A revolution is happening. Go out onto the web today and you will see a wealth of data visualizations that are highly engaging and dynamic, with examples as varied as Mike Bostocks analysis of Oscar nominated movie trailers in the NYT to Uber Rides In San Francisco!
Conversely the enterprise approach to data visualization follows the Business Intelligence (BI) paradigm. IT Departments invest in BI technology to integrate, model and visualize their ever growing amounts of data. BI tools have always been defined by the data visualization components that they provide. Vendors come to market with a portfolio of predefined charts and graphs, and are always trying to one-up each other on who has the most engaging visualizations. The reality is quite the opposite though, rather than innovating and staying ahead of the competition, vendors are often playing catch up to their customer base, with a backlog of feature requests, for “another chart type”. The enterprise loses out, always being short changed on what they are able to provide to their users.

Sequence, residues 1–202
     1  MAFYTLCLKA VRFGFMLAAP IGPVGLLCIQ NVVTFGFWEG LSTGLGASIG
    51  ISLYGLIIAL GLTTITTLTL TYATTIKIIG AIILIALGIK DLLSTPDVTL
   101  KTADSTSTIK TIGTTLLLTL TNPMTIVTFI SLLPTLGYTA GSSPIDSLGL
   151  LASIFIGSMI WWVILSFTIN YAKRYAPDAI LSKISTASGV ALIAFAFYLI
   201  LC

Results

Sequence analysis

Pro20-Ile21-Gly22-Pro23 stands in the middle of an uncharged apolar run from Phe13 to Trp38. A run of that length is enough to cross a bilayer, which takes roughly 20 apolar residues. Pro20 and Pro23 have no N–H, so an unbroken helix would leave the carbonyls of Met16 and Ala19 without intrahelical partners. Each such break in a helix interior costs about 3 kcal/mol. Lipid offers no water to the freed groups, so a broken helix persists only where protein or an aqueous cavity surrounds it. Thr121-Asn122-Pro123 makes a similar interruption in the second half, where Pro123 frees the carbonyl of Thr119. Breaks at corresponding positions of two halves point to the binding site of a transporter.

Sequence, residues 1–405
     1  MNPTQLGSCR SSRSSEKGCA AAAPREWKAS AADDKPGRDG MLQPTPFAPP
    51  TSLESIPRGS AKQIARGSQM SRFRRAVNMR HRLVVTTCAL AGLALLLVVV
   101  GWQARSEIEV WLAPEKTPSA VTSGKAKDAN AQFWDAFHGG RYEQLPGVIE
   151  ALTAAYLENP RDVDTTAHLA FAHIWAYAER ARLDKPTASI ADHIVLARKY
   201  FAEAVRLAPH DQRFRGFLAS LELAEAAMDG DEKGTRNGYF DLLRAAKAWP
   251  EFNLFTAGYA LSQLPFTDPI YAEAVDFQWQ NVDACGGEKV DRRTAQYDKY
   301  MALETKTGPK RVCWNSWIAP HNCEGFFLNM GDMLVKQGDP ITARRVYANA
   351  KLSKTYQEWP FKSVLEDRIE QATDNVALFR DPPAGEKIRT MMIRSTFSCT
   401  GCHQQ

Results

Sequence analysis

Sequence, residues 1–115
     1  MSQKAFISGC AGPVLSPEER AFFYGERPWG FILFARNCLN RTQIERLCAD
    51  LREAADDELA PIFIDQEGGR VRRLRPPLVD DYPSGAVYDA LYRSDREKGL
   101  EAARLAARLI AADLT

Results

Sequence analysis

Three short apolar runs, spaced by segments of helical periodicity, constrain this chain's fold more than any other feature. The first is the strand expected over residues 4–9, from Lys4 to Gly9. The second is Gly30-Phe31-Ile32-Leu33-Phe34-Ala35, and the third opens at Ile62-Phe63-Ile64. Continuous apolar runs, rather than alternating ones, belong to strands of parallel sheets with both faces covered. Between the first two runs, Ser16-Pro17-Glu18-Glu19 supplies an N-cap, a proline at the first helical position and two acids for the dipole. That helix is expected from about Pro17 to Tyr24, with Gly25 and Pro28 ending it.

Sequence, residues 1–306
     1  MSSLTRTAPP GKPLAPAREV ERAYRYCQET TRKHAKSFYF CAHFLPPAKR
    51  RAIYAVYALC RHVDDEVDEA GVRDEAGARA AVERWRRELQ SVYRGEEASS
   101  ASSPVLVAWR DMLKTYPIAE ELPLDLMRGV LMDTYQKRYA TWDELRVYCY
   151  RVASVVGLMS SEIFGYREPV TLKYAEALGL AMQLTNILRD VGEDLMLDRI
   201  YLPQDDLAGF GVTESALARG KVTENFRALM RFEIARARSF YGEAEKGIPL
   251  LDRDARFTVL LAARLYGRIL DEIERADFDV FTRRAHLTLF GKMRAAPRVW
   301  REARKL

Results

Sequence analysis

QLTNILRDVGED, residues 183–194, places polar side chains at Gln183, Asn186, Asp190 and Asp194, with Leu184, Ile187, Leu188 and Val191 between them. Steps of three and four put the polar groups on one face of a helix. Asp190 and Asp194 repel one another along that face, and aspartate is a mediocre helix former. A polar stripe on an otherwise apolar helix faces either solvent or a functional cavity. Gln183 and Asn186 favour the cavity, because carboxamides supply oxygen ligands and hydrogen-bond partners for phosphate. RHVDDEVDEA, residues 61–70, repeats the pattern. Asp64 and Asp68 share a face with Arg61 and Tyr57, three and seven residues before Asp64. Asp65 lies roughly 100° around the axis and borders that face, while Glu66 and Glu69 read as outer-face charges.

So what is this Data Visualization Revolution?
Savvy developers in the enterprise have caught onto the fact that they no longer have to miss out on this online trend and wait for the BI tools to catch up. They can take these open source libraries (or growing amount of commercially available tools) and start building equally engaging views for their business and become the data heroes in their organizations.
But there is a flaw. Getting one or two compelling charts and graphs out to their users is easy. Scaling that to an enterprise level whereby they are connecting to varied and dynamically changing data sources, building hundreds of charts and graphs and controlling deployment of those across the organization is extremely complex.
Why is this?
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